Image downgrade for US business
Investigations expose more misdeeds and fuzzy accounting, altering mind-sets at work and on Wall Street.
Enron and the swarm of business scandals around it haven't yet resulted in major new rules for accountants or corporate directors, but they are increasingly reshaping the mind-set in American workplaces.Skip to next paragraph
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From water coolers to corner offices, hype is out and skepticism is in. After elevating CEOs to hero status in the 1990s, America is pausing for an economic reality check.
Or many reality checks.
What's significant is not just the magnitude of Enron's collapse into bankruptcy, but also the persistent flow since then of revelations about ethical or financial lapses.
In recent days, for example:
Newly released documents laid bare efforts by Enron managers to manipulate electricity prices in California.
Telecom giant WorldCom, admired like Enron as an innovator in its industry, had its debts downgraded to "junk" status.
The trial of Enron's auditing firm, Arthur Andersen, opened with prosecutors citing other firms where Andersen's audits were found to be flawed.
"When you have a catharsis like this, it leaves the base system different than when it started," says Frank Zarb, former chairman of the National Association of Securities Dealers, which regulates brokers.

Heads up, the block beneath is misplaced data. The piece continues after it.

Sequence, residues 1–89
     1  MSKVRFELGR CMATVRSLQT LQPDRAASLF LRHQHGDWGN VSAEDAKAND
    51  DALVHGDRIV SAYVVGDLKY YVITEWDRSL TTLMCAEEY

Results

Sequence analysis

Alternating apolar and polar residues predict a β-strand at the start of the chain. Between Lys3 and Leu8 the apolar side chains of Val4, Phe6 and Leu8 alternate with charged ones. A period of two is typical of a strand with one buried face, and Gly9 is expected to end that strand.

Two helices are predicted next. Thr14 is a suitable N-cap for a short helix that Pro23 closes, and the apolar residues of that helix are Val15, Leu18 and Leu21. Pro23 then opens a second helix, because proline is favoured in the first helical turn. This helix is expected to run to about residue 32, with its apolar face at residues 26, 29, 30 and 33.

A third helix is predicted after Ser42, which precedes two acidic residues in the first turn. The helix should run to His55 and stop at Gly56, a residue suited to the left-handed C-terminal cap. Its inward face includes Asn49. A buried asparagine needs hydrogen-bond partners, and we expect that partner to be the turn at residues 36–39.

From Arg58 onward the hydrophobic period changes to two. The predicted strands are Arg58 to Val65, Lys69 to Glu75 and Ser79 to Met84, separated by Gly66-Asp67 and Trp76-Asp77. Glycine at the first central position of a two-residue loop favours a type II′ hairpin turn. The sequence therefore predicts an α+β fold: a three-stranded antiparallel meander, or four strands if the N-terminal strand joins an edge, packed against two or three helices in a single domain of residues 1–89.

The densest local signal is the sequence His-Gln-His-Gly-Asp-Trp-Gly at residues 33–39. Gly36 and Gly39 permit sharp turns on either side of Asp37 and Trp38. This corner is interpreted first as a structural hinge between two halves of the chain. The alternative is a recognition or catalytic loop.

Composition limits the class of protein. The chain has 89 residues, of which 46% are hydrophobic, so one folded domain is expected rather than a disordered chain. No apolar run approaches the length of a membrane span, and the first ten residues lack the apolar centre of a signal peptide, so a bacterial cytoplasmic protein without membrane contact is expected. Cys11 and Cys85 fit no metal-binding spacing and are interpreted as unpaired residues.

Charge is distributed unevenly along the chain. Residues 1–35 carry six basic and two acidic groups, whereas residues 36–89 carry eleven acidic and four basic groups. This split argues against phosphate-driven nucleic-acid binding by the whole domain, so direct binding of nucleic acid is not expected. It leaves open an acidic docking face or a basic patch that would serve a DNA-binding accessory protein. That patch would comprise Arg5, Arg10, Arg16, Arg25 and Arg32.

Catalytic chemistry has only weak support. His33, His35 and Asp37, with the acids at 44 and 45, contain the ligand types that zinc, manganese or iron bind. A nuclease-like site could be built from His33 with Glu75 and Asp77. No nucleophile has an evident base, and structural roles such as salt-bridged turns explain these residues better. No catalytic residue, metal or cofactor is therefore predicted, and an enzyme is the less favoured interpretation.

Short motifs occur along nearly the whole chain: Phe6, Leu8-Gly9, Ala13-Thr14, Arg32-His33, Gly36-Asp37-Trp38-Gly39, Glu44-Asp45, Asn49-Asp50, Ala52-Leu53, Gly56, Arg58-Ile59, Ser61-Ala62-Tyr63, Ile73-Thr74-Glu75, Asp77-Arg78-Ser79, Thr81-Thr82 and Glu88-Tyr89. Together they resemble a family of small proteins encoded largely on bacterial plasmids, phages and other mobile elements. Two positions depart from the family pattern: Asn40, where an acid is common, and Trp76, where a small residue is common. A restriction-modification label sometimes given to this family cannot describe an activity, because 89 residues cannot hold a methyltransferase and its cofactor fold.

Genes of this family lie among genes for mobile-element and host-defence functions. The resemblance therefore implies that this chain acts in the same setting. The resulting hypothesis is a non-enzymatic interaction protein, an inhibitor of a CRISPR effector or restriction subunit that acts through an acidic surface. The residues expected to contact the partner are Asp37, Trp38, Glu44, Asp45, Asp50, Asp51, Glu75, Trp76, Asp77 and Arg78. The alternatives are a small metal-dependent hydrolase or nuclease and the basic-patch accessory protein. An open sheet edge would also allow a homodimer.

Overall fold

Already, corporations are scrambling to maintain financial credibility (witness the flight of Andersen's clients). A round of investigation, litigation, regulation, and legislation could further alter US business.
"America has some kind of corporate scandal every few years," says Roy Smith, a finance expert at New York University's Stern School of Business. He isn't so sure public interest in the Enron affair will last.
But others liken this scandal to the corporate corruption that led to the Sherman Antitrust Act of 1890 or to the excesses of the 1920s that were followed by the Great Depression and the establishment of the Securities and Exchange Commission and other regulatory measures.
Enron has "legs," they say, because so many ordinary employees lost jobs or 401(k) retirement money, while executives walked away as millionaires.
The sheer size of the collapse is staggering. Creditors to Enron have lost $50 billion; shareholders another $50 billion.
Enron also grabs public attention because the debacle coincided with an economic slowdown from a record expansion stock-market bubble and all.
"When you get a downturn ... problems are going to be more noticeable," says Clifford Smith Jr., a professor at the Simon School of Business in Rochester, N.Y.
The reputation of corporate executives has tumbled. A Gallup poll in February found that only 16 percent of those surveyed ranked the honesty and ethical standards of executives as "very high" or "high." It was 25 percent a year earlier.
So far, though, bills in Congress to deal with Enron-revealed weaknesses in the system are relatively mild.
Enron was seen as a factor behind passage of new limits on campaign contributions. But this hasn't dented the clout of corporate lobbyists with the Bush administration or Congress a key reason, some say, for the modest action in Washington.